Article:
People on the brink of developing diabetes who get a lot of support and encouragement to diet and exercise can turn things around and avoid the disease, U.S. researchers said on Wednesday.
"Millions of people could delay diabetes for years and possibly prevent the disease altogether if they lost a modest amount of weight through diet and increased physical activity," said Dr. Griffin Rodgers, director of the National Institute of Diabetes and Digestive and Kidney Disease.
In the United States, about 11 percent of adults — 24 million people — have diabetes. Most have type 2, the kind linked with a poor diet and lack of exercise.
The 10-year study of overweight people with elevated blood sugar who lost a modest amount of weight found they lowered their risk of developing diabetes by at least a third.
People over 60 got even more dramatic results, cutting their risk of diabetes during the study period by about half.
"People can lose weight, and this weight loss is accompanied by a lowering of their rate of diabetes," said Dr. William Knowler, who works at the health agency, part of the National Institutes of Health. His study appears in the journal Lancet.
The findings follow up on a large randomized trial of 3,234 overweight or obese adults with elevated blood sugar.
Results of that study, reported in 2001, found a diet and exercise program and support classes helped cut the risk of developing diabetes by 58 percent after three years compared with a placebo group.
The program consisted of reducing fat and calories and increasing physical activity to 150 minutes a week. Participants also got training in diet, exercise and behavior modification.
People in this group lost an average of 15 pounds (6.8 kg) in the first year, but they gradually regained all but about 5 pounds. A second group who took the diabetes drug metformin also succeeded in lowering their diabetes risk by 31 percent after three years compared with placebo.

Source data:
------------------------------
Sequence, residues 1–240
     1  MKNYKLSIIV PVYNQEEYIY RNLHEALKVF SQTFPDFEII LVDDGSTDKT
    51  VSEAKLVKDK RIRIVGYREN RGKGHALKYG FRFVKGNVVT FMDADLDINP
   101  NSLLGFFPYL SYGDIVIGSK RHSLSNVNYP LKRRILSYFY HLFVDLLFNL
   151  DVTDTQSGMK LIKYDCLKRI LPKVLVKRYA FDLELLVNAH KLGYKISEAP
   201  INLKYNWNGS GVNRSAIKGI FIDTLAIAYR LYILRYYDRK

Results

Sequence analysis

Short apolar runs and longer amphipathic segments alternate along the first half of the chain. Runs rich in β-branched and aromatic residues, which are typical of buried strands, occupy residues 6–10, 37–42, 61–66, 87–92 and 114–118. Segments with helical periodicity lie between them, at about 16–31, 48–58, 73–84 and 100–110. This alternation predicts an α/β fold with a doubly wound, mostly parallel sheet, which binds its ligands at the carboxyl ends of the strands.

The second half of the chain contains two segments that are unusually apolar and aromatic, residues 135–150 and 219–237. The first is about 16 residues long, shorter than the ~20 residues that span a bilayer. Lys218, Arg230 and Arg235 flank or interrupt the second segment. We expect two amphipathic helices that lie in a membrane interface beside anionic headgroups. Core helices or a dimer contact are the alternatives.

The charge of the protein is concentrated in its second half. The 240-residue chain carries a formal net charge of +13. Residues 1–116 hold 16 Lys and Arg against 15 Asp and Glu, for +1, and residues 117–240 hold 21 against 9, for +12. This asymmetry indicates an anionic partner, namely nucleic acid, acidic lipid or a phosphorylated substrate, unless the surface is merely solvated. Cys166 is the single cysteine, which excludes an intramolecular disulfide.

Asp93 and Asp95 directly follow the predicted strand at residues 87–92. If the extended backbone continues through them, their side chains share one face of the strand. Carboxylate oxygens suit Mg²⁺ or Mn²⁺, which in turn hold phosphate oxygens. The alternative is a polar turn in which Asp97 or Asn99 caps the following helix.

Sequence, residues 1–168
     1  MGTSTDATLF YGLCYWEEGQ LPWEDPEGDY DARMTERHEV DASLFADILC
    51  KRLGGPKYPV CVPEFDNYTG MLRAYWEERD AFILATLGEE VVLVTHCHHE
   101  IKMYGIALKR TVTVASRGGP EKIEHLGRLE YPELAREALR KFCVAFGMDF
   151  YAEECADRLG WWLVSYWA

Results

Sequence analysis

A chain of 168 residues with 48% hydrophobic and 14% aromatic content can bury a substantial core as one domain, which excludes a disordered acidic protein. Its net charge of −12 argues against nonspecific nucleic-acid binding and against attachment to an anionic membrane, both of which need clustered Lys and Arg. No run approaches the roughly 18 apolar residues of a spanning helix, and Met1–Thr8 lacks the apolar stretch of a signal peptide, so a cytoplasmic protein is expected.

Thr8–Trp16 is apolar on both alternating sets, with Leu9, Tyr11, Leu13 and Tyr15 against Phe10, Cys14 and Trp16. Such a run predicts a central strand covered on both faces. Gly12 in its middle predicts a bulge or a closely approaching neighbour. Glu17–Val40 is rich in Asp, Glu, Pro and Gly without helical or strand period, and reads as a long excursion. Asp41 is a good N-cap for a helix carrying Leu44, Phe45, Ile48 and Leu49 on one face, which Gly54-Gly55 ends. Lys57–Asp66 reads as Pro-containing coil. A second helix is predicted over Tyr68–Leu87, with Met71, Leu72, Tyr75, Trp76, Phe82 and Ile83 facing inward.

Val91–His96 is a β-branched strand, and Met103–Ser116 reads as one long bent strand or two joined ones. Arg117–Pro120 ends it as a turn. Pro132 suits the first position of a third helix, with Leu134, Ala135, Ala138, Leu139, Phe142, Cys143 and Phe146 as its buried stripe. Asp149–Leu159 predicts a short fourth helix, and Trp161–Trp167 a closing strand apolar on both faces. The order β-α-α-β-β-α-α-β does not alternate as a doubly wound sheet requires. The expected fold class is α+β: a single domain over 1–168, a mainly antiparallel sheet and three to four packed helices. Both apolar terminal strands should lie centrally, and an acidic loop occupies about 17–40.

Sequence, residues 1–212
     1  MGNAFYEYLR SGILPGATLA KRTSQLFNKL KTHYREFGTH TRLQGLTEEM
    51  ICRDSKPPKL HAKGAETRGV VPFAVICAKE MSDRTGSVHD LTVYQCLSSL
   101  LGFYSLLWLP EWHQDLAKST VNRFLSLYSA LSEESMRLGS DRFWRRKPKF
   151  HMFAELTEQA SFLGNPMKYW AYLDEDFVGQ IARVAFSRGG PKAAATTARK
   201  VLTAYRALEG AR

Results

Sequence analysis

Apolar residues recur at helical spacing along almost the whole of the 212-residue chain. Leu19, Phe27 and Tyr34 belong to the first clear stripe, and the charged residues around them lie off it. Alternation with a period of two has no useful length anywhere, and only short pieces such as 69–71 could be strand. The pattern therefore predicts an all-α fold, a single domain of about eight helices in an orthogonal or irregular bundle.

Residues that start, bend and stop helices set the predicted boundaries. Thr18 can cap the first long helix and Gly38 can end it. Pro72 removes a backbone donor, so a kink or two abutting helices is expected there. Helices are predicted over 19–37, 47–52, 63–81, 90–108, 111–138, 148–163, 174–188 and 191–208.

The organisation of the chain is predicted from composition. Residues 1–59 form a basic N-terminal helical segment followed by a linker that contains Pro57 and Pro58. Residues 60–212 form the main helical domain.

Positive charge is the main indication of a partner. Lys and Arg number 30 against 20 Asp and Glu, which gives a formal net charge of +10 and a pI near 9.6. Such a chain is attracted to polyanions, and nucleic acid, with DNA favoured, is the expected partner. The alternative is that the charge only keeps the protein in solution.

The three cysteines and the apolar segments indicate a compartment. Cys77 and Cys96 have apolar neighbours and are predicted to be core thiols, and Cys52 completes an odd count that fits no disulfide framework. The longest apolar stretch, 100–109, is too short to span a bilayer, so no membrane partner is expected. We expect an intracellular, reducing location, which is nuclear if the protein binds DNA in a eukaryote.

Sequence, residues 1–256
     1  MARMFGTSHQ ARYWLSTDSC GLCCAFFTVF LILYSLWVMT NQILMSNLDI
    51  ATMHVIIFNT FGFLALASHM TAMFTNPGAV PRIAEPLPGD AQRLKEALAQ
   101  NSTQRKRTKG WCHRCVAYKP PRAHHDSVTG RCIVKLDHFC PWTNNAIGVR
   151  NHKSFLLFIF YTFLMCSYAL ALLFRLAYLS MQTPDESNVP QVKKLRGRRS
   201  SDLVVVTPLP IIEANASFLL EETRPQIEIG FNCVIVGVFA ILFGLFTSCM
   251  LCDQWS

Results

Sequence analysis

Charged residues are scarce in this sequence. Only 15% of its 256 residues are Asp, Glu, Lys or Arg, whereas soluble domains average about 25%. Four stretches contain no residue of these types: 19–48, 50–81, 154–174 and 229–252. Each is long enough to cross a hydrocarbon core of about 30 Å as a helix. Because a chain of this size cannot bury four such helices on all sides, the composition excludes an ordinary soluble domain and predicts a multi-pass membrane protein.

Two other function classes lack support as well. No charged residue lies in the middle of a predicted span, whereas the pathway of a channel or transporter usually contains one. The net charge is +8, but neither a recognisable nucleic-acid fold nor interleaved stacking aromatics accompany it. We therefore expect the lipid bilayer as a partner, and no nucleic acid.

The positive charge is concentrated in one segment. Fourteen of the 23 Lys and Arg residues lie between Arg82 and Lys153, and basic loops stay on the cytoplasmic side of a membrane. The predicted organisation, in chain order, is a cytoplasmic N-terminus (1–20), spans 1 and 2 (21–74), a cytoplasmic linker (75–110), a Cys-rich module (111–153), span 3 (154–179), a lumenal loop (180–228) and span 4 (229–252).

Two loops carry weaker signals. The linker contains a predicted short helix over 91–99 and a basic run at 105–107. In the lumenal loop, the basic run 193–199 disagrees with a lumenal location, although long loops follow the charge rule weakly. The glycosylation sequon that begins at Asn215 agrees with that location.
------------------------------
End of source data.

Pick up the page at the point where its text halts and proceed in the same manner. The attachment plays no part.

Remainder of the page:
The latest results show what happened after 10 years of follow-up.
Starting in 2002, study participants were offered the diet and exercise program and support classes.
After 10 years, the group that started off in the diet and exercise group has sustained a modest weight loss and cut their risk of developing diabetes by 34 percent, compared with the group that started out on a placebo.
The group that took the diabetes pill metformin and later added in the lifestyle program had an 18 percent lower risk of developing diabetes during the study.
"All that to me supports the fact that the lifestyle intervention, whether it was given immediately, or later on, was beneficial," Knowler said in a telephone interview.
He said some people in all three groups continued to develop diabetes, but the rate was much slower if people were able to eat a healthier diet and get regular exercise.
From a policy perspective, he said diabetes can be delayed or avoided with intensive effort.